The worst and most shameful thing I have ever done was as a teenager.
I was the ringleader of a group of friends that wrote, sang and produced a parody song about a younger kid with whom we attended camp. For purposes of privacy, I will call him Jimmy.
In those pre-autism, pre-Asberger days, Jimmy was simply considered strange, bereft of the many of the social and inter-personal skills shared by most teenagers. None of our gang ever made fun of him to his face, but in the conspiracy of a friend’s basement music studio, we sang about his perceived deficiencies to the tune of a then-popular song. At the time, it seemed brilliant and hilarious. And today, it reveals itself as unrelentingly cruel.
I console myself with the confidence that Jimmy never heard the cassette tape we recorded. (Thank God there was no Facebook). I don’t think he even heard about it. I also understand that my own episode of bullying was related to the extensive bullying I underwent in middle school — both physical and verbal — for my strange faith, my short stature, and my own personality issues.
But none of that excuses my behavior. I was wrong. I was awful.
I’ve been thinking a lot about Jimmy this week when I heard the story of Mitt Romney’s own episode of teenage bullying. If you’ve been on another planet in the past week, the press has been consumed with the story first reported by The Washington Post that Romney tackled and forcibly cut the hair of a fellow student who reveled in his nonconformity and was presumed gay.
In one sense, I am grateful that the story has been revealed. As I’ve written extensively at this site, I believe that gay rights is the most important civil rights issue of this generation, and anything that enables discussion of teenage bullying, and the horrible impact it has on gay children, is a positive development.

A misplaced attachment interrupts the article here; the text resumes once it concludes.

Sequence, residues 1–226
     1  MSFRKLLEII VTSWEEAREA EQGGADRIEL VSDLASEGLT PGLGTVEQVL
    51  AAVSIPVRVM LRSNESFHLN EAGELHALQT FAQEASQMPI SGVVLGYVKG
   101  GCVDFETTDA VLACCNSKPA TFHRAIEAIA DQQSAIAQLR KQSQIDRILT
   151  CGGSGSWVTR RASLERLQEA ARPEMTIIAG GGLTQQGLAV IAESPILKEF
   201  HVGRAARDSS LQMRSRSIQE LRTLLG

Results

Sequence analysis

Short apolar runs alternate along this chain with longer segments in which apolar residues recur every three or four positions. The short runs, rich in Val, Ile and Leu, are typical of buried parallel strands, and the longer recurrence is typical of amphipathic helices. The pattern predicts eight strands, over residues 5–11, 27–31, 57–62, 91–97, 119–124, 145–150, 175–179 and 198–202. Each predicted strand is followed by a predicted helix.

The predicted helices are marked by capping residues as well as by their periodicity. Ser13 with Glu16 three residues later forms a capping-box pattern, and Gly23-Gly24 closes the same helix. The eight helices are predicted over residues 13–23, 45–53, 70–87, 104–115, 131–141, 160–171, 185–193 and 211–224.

But while this discussion is important, I do not believe that the story is relevant for judging the character of Mitt Romney.
We all have done stupid and cruel things as teenagers. While my own episode did not involve violence, nor did it directly involve the victim, it was awful nonetheless. But I don’t think my character today is defined by that moment.
Indeed, science has demonstrated clearly over the past few decades that teenagers are wired much different that grown adults. Their brains are still developing, and they are prone to move more impulsive, emotional and destructive behavior.
For those of you who disagree with me — those who think that we should hold this 50-year-old incident against Romney — think about your own Jimmy story. I know you have one. We all do. The important thing is not what we did as a teenager, but whether or not we learned from it.
Romney’s record on gay rights and bullying as an adult must be carefully scrutinized. It is very much fair game.
But as much as I’m happy that the nation is focused again on the horrible crime of teenage bullying against gays and lesbians, I do not agree that any one should cast a vote against Romney because of this incident.